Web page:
6/10/2021          IN THE HEIGHTS          HBO Max / Area Theatres


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It is a hot summer morning and the (mostly LatinX) residents of Washington Heights are gradually coming to life.  Over the course of a few short weeks, they experience life-changing choices, life-affirming luck, life-challenging tragedy.  And they come together as a community.  And each and every one of them has a dream, big or small, unattainable or within reach.


Meet Usnavi, a young man trying to make ends meet at a small bodega, his "Abuela Claudia" who raised him after his parents died, his cousin Sonny.  Meet Nina, the young woman "who got out" to attend Stanford but now returns in defeat, her proud and domineering father Kevin, her ex-boyfriend Benny (a non-Hispanic employee of her Father).  Meet Vanessa, who has Usnavi's eye.  Meet Daniela and Carla whose salon has been sold and who are "moving downtown."  And don't forget the Piragua Guy and the Graffiti Guy, two neighborhood denizens who slide into and out of the story at just the right moments.


Most important, meet In the Heights, the long-awaited movie adaptation of Lin-Manuel Miranda’s ground-breaking debut, first produced in Connecticut in 2005, reaching Off-Broadway in 2007 and finally landing on Broadway in 2008 (not to mention hitting Atlanta in a breathtakingly dazzling 2016 co-production from the Aurora Theatre and Theatrical Outfit).


Fans of the musical will surely note the changes that happen – the dropping of characters (Nina’s mother, for example), a new Miranda song over the closing titles, new references to DACA, the adding of a framing story featuring Usnavi comfortably ensconced in his beachside Dominican Republic dream restaurant telling his story to an eager gaggle of children.  So, we know from the start it will end differently than the stage version.

Fans of Lin-Manuel Miranda will surely note the participation of Hamilton cast members in key roles (Anthony Ramos as Usnavi) and “background” roles (Christopher Jackson as Mr. Softee).  Others will note also the participation of Rent star Daphne Rubin-Vega as Daniela, Latinx Superstar Marc Anthony as Sonny’s father, television icon Jimmy Smits as Kevin, original cast member (and Tony nominee) Olga Merediz as Abuela Claudia, and Miranda himself as the Piragua guy.  And everyone will (or at least should) note the incredible talent displayed by newcomers Melissa Barrera as Vanessa and Leslie Grace as Nina


Let me be a little honest with you here.  When I first heard the score to In the Heights, I was not overwhelmed.  I'm not the biggest fan of hip-hop, and really needed a lyric sheet to follow the words.  But then, at some point, I saw a PBS documentary on the show's gestation and growth.  Seeing these songs in context gave them new life for me (especially Nina's breathtaking "Breathe"), and the more I listened, the more I heard. And truth to tell, without this show as reference, I never would have understood the universal appeal of Hamilton.  But Mr. Miranda's work is now thoroughly (and perhaps eternally) "under my skin."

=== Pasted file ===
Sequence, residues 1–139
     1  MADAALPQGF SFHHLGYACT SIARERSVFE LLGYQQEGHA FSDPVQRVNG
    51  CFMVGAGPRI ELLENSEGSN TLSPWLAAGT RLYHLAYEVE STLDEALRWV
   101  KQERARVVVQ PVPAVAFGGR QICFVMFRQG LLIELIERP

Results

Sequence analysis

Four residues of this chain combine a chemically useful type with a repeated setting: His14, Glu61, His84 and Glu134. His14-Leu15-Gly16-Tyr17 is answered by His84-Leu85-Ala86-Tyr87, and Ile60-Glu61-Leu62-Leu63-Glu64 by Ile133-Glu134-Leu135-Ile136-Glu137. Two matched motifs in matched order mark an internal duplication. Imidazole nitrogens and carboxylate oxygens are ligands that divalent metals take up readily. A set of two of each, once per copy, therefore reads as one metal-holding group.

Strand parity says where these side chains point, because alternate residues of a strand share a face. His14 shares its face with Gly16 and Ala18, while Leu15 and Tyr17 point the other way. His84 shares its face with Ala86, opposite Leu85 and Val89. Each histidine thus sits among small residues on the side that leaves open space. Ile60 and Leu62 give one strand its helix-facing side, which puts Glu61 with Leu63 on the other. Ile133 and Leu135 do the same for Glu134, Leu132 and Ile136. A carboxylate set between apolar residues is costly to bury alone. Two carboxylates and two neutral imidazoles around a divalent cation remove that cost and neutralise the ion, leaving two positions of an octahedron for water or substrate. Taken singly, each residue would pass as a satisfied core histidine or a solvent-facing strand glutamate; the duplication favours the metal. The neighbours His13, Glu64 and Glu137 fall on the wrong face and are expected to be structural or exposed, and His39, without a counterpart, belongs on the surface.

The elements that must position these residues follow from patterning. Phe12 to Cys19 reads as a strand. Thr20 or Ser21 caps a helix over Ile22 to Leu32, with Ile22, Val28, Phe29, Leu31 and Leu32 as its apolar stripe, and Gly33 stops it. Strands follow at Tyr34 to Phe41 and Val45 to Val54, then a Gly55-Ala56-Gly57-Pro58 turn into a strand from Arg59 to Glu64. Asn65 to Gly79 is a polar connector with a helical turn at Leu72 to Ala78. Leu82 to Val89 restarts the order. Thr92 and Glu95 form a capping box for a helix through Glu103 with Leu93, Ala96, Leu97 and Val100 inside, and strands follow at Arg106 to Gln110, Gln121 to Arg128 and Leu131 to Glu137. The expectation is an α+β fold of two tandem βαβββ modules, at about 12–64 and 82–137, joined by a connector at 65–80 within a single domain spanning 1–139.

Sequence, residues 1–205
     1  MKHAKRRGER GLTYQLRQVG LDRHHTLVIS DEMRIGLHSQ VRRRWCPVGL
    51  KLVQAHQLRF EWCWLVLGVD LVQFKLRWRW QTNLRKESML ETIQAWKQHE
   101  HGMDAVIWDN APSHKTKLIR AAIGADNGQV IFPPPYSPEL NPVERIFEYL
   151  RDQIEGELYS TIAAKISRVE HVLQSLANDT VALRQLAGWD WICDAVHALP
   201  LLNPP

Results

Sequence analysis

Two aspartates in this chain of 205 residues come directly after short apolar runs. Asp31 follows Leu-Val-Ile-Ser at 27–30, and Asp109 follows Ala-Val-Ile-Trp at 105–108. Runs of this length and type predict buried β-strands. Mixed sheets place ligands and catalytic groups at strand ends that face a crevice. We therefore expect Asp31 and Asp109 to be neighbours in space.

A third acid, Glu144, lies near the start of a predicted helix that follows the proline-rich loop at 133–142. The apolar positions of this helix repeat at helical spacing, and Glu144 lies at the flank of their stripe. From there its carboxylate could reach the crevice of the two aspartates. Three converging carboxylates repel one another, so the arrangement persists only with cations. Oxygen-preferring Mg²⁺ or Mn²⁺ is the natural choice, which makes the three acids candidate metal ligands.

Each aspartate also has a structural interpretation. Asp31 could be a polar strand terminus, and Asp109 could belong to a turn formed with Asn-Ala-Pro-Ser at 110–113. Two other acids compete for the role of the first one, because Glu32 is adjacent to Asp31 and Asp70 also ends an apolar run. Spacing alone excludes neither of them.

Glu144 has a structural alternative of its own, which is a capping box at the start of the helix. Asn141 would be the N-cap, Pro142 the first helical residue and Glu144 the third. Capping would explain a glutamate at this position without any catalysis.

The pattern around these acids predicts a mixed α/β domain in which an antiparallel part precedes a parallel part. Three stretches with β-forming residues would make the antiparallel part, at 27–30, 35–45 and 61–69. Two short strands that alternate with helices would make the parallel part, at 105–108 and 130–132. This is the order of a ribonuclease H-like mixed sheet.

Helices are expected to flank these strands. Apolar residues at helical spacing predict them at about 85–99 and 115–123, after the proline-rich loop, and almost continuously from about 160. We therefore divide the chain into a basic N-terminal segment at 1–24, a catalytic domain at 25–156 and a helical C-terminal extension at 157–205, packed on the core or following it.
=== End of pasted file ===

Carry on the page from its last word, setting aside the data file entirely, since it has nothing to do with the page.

And  truth to tell, In The Heights has so many characters, so many stories crammed into such a small space (one cul-de-sac, one summer, one show, one movie), that picking any out is problematic for a writer of my limited ambition.


So, final truth to tell, I loved this movie from beginning to end.  Its high spirits, high energy, and high creativity from director Jon M. Chu (Crazy Rich Asians) and Pulitzer-prize winning screenplay writer Quiara Alegría Hudes (Water by the Spoonful), and the ridiculously stratospheric talent of its cast – all made its running time fly by faster than a Carnivale celebration.  Since this review is based on watching the HBO Max small-screen version, I honestly am chomping at the bit to see it on a big screen (it will be my first movie in well over 18 months), at which time I may have more comments to add to this piece.


Watching In the Heights is an experience like no other, a celebration of community, of friendship, of heritage.  And, more obviously (and much more clearly than in the original musical) a celebration of the power of a dream, whether that dream is of a return to one’s roots, an escape from one’s situation, a new job in a new neighborhood, a creative outlet, success for your children, or the kind of gravity-defying love that breaks the rules of expectations and physics.


This movie is itself a dream, a dream that fans of musical theatre always have -- seeing a favorite translated successfully to the big screen!


            --  Brad Rudy  (BKRudy@aol.com  @bk_rudy    #InTheHeights)


(Please note that there’s an “Easter Egg” scene (and song) AFTER the end titles.)